Advocates for North Carolina’s eugenics victims are asking state lawmakers to close what they see as a loophole that may be making victims ineligible for compensation.
More than 7,000 people were involuntarily sterilized under North Carolina’s decadeslong eugenics program.
So far the state has awarded $4.4 million to 220 victims. But hundreds more could be ineligible because of the way a 2013 law was written.
Lawmakers created a $10 million fund for people sterilized “under the authority of the Eugenics Board of North Carolina.” That’s been interpreted to exclude people sterilized by local health or welfare officials, not by the state eugenics board.
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But Elizabeth Haddix, senior staff attorney for the University of North Carolina Center for Civil Rights, which has represented victims, said the local officials “played a pivotal role” in implementing the state eugenics policy.
“There is no question that eugenics victims excluded from compensation were sterilized by state actors against their will, and therefore are plainly part of the class that the (compensation) statute was designed to reach,” she wrote to House Speaker Tim Moore and Senate President Pro Tem Phil Berger.
Shelly Carver, a spokesman for Berger, a Rockingham County Republican, said “it is too early to speculate on what might happen during the legislative process.” Moore, a Republican from Cleveland County, said he is reviewing the proposal.
Any changes to the 2013 law could meet resistance.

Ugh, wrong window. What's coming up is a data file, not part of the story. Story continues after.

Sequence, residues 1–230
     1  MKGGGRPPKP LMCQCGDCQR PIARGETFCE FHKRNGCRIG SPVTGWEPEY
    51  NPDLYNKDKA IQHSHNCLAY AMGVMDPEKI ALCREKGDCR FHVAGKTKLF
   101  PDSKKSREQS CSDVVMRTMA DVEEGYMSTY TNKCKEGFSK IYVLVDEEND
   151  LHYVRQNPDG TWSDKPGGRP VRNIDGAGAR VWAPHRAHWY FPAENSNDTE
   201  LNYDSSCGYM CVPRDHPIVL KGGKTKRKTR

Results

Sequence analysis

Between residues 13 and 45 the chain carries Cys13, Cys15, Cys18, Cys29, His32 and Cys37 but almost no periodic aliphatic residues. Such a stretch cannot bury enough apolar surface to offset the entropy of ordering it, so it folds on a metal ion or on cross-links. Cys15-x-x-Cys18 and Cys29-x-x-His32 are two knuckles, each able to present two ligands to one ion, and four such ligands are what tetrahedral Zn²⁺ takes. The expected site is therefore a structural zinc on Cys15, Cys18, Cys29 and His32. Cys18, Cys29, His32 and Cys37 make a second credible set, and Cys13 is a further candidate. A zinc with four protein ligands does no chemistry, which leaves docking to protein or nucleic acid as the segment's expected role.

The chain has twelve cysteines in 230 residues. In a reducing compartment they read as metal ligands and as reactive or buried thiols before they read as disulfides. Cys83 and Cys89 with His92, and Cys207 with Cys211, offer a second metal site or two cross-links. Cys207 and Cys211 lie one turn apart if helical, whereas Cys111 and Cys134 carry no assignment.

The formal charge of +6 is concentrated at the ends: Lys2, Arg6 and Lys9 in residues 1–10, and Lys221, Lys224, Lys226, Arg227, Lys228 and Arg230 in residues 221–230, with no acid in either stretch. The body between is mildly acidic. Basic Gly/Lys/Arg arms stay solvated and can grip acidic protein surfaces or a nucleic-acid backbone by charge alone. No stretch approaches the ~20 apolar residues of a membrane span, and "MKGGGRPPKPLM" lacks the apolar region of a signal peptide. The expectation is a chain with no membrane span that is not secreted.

Sen. Tommy Tucker, a Union County Republican who co-chairs the Senate’s appropriations committee on Health and Human Services, said “the state’s done its part.”
“They should go to the county where they were sterilized, not the state,” he said of those victims. “The state’s done its part to right the wrongs that we did, but the county should be responsible for what it did.”
Democratic Sen. Jeff Jackson of Charlotte said support for closing the loophole “ranges from zero to tepid.”
A Department of Administration spokesman said each successful claimant so far has been awarded $20,000. That could approach $50,000 after final appeals are heard, until the $10 million is gone.
North Carolina’s eugenics law, which began in 1933, was among the most aggressive of all the 32 states that had them. The 1933 law targeted “mentally diseased, feeble-minded or epileptic” citizens.
By the time the program ended in 1974, nearly 7,600 men, women and children had been sterilized. No county saw more than Mecklenburg, where at least 485 people were affected.
Last year, when North Carolina became the first state to pass legislation to compensate victims, officials estimated 1,500 to 2,000 were still alive.
By last fall’s application deadline, 786 people had filed claims. The Industrial Commission, tasked with evaluating them, approved 220, though some have been appealed.
Victim advocates say many of the rejected claims came from people sterilized at the behest of people such as Wallace Kuralt, father of the late CBS broadcaster Charles Kuralt and Mecklenburg County’s welfare director from 1945 to 1972.